Wednesday, September 9, 2009
As the pressure increases, Iran threatens to close strategic
Strait of Hormuz
With Iran torn by political turmoil over the disputed re-election of
President Mahmoud Ahmadinejad, the Persian Gulf and its energy
riches are once again in the eye of the storm and the focus is on
the Strait of Hormuz, the only gateway to the Persian Gulf and
arguably the world's most strategic choke point.
have repeatedly warned over the last two years that if the United
States or Israel launch military strikes against the Islamic
Republic's nuclear program and other strategic targets, they would
seek to close the narrow strait and cut off oil supplies to Asia,
Europe and the U.S.
Ayatollah Ali Khamenei, Iran's supreme leader, declared as long ago as 2006,
that if the U.S. or Israel attacked Iran then "definitely the shipment of energy
from this region will be seriously jeopardised".
There have been several confrontations in the Persian Gulf, particularly since
the U.S. invaded Iraq in March 2003. Incidents in the Persian Gulf can escalate
quickly in ways that neither Iran nor its potential opponents intend.
In recent months, Britain's Royal Navy has reinforced its mine warfare flotilla
attached to the U.S.-led naval armada in the Persian Gulf.
The Islamic Revolutionary Guard Corps (IRGC) has deployed surface to-air and
anti-ship missile batteries along Iran's southern coastline of the Gulf. The
Strait is a 180 km-long horseshoe-shaped waterway between Iran on the northern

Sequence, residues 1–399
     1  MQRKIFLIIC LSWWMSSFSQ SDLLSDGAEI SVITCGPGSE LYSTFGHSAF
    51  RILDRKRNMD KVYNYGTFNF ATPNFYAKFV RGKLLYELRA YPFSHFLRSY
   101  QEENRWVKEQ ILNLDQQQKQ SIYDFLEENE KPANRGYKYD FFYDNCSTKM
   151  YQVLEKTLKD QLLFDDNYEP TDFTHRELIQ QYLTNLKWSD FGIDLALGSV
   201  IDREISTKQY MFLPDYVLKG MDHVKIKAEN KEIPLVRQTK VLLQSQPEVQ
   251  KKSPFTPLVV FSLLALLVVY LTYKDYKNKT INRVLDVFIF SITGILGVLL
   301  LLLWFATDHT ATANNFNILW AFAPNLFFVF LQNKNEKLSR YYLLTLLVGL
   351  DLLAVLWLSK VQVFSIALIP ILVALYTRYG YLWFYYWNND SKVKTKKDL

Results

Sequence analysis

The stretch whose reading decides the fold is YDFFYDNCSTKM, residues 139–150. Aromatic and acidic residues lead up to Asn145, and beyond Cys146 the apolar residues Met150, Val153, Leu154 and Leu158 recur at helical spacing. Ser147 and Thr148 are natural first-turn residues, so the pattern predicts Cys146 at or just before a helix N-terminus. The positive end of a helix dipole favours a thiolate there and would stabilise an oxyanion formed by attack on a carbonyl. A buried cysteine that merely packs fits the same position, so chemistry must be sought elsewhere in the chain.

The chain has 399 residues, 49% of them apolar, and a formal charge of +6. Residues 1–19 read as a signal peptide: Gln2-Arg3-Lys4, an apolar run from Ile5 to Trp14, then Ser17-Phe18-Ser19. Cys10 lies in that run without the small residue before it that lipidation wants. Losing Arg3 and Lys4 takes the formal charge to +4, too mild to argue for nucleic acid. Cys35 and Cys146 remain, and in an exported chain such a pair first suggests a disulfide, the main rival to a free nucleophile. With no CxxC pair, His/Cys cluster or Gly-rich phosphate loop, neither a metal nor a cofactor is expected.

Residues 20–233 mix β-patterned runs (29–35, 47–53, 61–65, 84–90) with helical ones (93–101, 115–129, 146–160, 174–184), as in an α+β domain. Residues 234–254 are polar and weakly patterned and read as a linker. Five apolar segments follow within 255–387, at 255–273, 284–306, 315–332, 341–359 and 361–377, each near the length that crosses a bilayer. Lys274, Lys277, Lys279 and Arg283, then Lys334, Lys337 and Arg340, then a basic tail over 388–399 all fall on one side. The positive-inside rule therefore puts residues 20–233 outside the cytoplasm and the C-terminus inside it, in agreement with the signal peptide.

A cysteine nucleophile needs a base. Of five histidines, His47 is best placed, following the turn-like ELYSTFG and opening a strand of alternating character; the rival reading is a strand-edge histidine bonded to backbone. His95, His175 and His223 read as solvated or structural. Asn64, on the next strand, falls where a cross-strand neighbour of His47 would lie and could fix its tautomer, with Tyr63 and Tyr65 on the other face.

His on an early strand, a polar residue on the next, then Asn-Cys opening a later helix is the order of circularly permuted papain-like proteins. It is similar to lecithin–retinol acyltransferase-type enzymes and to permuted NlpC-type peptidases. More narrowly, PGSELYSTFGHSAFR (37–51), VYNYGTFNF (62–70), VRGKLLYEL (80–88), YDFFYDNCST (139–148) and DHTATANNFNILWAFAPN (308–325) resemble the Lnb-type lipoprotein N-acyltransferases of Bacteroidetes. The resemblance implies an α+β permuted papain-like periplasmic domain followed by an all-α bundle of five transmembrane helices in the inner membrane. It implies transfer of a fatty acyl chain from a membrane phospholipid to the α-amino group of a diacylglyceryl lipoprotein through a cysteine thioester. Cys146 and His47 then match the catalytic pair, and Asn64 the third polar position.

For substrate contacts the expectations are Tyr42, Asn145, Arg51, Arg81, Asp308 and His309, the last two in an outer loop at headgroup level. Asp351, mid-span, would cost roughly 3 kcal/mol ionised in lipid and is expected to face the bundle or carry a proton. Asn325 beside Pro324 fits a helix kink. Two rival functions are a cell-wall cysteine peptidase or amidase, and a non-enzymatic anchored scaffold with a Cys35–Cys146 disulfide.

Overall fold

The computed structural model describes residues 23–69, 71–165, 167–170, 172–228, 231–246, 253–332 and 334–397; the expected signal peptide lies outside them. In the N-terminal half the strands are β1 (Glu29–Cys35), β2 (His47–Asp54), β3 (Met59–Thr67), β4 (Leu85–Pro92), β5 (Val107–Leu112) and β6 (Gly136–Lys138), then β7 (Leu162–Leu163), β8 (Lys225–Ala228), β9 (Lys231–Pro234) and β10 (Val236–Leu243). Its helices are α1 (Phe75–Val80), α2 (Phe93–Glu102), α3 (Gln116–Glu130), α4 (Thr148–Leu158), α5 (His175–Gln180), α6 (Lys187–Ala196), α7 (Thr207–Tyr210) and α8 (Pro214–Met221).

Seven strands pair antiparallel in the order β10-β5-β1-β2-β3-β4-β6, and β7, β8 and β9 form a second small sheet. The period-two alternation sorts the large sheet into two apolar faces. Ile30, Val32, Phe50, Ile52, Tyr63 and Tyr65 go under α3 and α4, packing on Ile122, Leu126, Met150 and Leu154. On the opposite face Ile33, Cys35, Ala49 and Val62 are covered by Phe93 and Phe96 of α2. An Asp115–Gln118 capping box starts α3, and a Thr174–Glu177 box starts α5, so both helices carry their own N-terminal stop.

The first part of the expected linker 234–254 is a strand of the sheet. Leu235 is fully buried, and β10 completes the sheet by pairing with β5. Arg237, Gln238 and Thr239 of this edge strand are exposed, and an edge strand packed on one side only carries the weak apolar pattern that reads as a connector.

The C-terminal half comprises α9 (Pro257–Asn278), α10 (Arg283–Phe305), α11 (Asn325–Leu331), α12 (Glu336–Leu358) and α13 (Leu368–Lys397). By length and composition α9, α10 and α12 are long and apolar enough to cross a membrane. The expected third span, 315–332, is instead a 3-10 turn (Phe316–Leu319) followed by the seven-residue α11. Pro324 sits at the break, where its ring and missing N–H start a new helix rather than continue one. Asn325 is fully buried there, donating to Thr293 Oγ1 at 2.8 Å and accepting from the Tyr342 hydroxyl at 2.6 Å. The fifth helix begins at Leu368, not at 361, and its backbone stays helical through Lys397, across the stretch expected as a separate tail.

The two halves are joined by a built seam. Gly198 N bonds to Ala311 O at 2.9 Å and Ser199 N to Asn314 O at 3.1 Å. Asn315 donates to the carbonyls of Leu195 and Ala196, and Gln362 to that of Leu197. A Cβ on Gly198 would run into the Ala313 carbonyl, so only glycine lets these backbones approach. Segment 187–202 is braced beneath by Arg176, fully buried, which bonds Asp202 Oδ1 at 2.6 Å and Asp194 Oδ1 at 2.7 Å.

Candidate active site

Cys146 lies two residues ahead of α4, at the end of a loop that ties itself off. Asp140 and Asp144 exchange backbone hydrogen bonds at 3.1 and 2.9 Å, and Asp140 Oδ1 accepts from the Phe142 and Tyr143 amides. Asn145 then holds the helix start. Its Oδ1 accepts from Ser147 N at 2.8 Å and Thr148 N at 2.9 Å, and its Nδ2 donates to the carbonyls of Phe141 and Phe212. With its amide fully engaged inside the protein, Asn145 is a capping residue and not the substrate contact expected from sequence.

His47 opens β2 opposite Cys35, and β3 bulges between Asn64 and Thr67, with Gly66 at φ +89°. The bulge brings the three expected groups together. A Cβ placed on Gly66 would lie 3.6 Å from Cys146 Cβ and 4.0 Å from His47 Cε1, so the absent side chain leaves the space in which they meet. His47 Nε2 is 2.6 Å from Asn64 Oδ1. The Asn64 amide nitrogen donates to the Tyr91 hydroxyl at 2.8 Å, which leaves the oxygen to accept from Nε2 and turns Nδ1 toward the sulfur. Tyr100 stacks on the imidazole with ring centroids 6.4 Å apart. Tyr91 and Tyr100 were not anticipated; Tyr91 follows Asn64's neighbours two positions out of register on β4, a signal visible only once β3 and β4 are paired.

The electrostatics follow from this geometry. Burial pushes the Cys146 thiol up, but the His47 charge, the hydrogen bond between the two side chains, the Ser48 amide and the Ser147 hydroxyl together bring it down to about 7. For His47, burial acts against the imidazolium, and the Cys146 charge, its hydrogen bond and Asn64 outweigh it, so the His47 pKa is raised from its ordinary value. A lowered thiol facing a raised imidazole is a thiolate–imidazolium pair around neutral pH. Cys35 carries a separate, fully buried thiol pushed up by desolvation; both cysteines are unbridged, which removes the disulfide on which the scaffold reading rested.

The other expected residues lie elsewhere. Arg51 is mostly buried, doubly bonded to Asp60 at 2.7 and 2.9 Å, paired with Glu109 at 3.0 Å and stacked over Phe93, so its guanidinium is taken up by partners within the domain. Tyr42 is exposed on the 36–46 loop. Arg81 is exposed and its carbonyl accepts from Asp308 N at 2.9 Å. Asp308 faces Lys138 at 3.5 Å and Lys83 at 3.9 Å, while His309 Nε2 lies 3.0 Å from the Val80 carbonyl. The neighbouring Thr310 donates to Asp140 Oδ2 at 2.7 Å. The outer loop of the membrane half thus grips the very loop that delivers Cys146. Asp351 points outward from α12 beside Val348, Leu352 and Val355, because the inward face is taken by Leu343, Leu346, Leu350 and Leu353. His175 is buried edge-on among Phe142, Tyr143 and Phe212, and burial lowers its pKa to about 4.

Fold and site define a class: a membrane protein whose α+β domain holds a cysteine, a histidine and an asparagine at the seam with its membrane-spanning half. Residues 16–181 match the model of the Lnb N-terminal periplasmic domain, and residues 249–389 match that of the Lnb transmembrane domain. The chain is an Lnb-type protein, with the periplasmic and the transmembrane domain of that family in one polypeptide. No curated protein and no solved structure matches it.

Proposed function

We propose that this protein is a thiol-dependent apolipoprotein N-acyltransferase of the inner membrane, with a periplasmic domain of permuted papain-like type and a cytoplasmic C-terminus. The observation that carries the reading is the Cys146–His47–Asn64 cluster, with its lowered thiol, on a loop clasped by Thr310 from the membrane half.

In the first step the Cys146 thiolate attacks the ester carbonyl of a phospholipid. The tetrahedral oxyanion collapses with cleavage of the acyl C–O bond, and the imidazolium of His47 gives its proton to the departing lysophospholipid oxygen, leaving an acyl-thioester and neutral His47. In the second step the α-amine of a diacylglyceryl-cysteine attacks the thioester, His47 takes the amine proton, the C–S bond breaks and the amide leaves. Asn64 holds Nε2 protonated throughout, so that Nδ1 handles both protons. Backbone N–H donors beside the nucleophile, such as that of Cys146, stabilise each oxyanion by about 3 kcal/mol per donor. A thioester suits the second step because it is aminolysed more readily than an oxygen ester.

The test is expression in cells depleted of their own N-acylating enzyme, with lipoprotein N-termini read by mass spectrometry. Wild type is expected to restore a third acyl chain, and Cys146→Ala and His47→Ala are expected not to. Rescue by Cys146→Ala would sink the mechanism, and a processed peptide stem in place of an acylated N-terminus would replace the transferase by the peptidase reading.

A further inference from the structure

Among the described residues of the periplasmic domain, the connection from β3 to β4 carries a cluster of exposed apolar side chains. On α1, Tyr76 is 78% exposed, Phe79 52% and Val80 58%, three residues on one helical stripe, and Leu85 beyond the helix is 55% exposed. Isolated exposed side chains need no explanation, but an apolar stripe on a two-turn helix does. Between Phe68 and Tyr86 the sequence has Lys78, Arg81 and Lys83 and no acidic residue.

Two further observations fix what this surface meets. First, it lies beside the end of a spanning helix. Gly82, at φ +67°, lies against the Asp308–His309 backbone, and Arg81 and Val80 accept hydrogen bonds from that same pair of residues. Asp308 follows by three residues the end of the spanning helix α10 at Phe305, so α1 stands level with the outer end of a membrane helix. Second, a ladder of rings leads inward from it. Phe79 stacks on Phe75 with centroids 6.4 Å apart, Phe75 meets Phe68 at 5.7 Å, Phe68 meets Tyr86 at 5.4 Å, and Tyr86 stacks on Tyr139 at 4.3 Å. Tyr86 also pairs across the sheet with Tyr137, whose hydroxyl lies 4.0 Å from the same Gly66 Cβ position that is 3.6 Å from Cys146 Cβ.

shore and Oman and the UAE on the southern coast. It is one of the world's most
strategic bodies of water. Some 40 percent of the world's oil supplies passes
through it. On a typical day, around 15 tankers carrying up to 17m barrels of
oil and oil products, along with dozens of freighters, pass through the Strait
of Hormuz-two fifths of the world's oil supply.
This comprises most of the oil and liquefied natural gas (LNG) exports of Saudi
Arabia, the UAE, Qatar, Kuwait and Iran. Going the other way, the GCC states
import most of their food and consumer goods through the strait and a prolonged
shutdown would cause serious economic and social disruption. If this choke-point
was closed for an extended period, the economies of the Middle East would suffer
significantly and this would generate severe economic dislocation around the
Millions of guest workers in the Persian Gulf states from developing countries
could also be left unemployed, leading to greater poverty in South Asia and East
This would send oil prices soaring once again from the current level of $65-$70
per barrel to the peak of over $150 it hit in 2007-08. The U.S. Energy
information Administration estimates that if the Strait were closed, only about
3m barrels of oil per day could realistically be redirected through Saudi Arabia
through a trans-Arabian pipeline to the Red Sea port of Yanbu on the kingdom's
west coast. But there would be no other way to transport the 31mm tonnes a year
of LNG-18 percent of world consumption — the Qatar and the UAE export.
Iran does not have to seal the strait entirely to provoke U.S. intervention, and
once that intervention begins, the potential for military escalation is high.
Iran depends on the waterway not only to export its own oil, but to import the
refined products it is unable to produce itself. Denied those imports, its
economy would soon collapse. Over the last 18 months, Tehran's naval forces have
conducted repeated exercises simulating the takeover of the Strait, which is